Definitions

from The American Heritage® Dictionary of the English Language, 4th Edition

  • n. A cosmopolitan person: a true cosmopolite—a Renaissance man.
  • n. Ecology An organism found in most parts of the world.
  • n. See painted lady.

from Wiktionary, Creative Commons Attribution/Share-Alike License

  • n. One who is at home in every place; a citizen of the world; a cosmopolitan person.
  • n. A painted lady (a butterfly of a certain species).
  • adj. cosmopolitan

from the GNU version of the Collaborative International Dictionary of English

  • See cosmopolitan.

from The Century Dictionary and Cyclopedia

  • n. A citizen of the world; one who is cosmopolitan in his ideas or life.
  • n. An animal or a plant existing in many or most parts of the world, or having a wide range of existence or migration.
  • Universal; world-wide; cosmopolitan.
  • n. A nymphalid butterfly, Vanessa cardui, common to Europe, Asia, North America, and Australia.

from WordNet 3.0 Copyright 2006 by Princeton University. All rights reserved.

  • n. a sophisticated person who has travelled in many countries

Etymologies

Greek kosmopolītēs : kosmos, world + polītēs, citizen (from polis, city; see pelə-3 in Indo-European roots).
(American Heritage® Dictionary of the English Language, Fourth Edition)

Examples

  • Generalization 5-14, however, refers to cosmopolite channel usage, rather than to cosmopolite behavior in general.

    Diffusion of Innovations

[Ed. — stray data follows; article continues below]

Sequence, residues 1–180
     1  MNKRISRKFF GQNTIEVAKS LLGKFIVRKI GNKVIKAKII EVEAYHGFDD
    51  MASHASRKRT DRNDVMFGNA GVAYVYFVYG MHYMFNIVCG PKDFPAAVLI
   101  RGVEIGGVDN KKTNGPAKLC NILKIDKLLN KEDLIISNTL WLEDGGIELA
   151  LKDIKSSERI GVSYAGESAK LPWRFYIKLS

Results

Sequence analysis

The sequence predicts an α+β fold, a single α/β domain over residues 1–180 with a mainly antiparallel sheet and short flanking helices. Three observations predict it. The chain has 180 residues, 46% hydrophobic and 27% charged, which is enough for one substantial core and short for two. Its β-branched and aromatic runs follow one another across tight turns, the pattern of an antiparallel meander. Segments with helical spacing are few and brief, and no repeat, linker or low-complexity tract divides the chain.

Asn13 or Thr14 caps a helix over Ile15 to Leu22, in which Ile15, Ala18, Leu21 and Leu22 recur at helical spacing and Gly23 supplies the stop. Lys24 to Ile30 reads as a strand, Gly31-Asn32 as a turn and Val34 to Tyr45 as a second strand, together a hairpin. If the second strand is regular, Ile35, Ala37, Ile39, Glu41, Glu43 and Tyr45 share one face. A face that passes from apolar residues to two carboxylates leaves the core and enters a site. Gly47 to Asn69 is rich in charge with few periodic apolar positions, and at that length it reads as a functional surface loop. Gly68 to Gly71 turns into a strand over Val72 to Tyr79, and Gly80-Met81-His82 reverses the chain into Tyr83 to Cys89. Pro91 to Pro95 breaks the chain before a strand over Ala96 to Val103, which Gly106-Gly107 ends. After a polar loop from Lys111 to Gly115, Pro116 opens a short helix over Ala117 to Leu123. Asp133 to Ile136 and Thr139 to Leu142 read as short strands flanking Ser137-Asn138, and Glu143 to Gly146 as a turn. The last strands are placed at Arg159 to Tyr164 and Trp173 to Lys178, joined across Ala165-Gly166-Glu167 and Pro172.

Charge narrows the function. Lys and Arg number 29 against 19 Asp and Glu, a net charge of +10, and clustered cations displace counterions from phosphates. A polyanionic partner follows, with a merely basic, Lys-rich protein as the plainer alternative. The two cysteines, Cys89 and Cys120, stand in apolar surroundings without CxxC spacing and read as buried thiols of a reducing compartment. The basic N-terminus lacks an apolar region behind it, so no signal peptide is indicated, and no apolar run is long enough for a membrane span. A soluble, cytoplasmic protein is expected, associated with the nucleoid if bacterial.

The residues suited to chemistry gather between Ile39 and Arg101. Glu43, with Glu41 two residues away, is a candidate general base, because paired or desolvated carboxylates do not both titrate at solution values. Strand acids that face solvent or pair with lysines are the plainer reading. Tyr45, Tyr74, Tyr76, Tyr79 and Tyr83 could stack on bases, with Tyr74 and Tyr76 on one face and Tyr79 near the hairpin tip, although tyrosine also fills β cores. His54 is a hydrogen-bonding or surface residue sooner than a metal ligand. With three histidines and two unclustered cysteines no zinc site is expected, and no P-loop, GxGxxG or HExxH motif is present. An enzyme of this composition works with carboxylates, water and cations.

• "Cosmopolitanism is nonsense; the cosmopolite is a cipher, worse than a cipher; outside of nationality there is neither art, nor truth, nor life; there is nothing."

    The Message

  • "He's what's called a cosmopolite," Isabel suggested.

    The Portrait of a Lady

  • Hawthorne posed the problem of being an artist in America most sharply because he was not a "cosmopolite" man of letters but intensely and exclusively a writer of fiction, which was what James felt he must make of himself.

    'The Complete Letters of Henry James, 1872-1876, Volume 1'

  • Maskat of Afghan parents, and brought up at Meccah, he was a kind of cosmopolite, speaking five languages fluently, and full of reminiscences of toil and travel.

    Personal Narrative of a Pilgrimage to Al-Madinah and Meccah

  • Sherringham winced at being dubbed a "cosmopolite" by his young entertainer, just as he had winced a moment before at hearing himself lumped in esoteric knowledge with Dashwood and Gabriel Nash; but the former of these gentlemen took no account of his sensibility while he enumerated a few of the elements of the "basic."

    The Tragic Muse

  • To be denounced as a rootless cosmopolite in the very home of another notorious rootless cosmopolite carries its additional sting:

    Archive 2009-06-01

  • I have at long last been exposed as a "rootless cosmopolite."

    Archive 2009-06-01

  • Harvard-educated Internet entrepreneur and cosmopolite Alex Vik and his wife, Carrie, set out to conjure up a comprehensive personal vision here that involves ranch life, sports, and luxury; a genuine sense of place; and a reach for something universal.

    Off the Beaten Track

  • Nixon barely could, but Nixon was a dazzling cosmopolite next to Reagan.

    What McCain Didn't Do At The Debate: Force A Sarah Palin Moment

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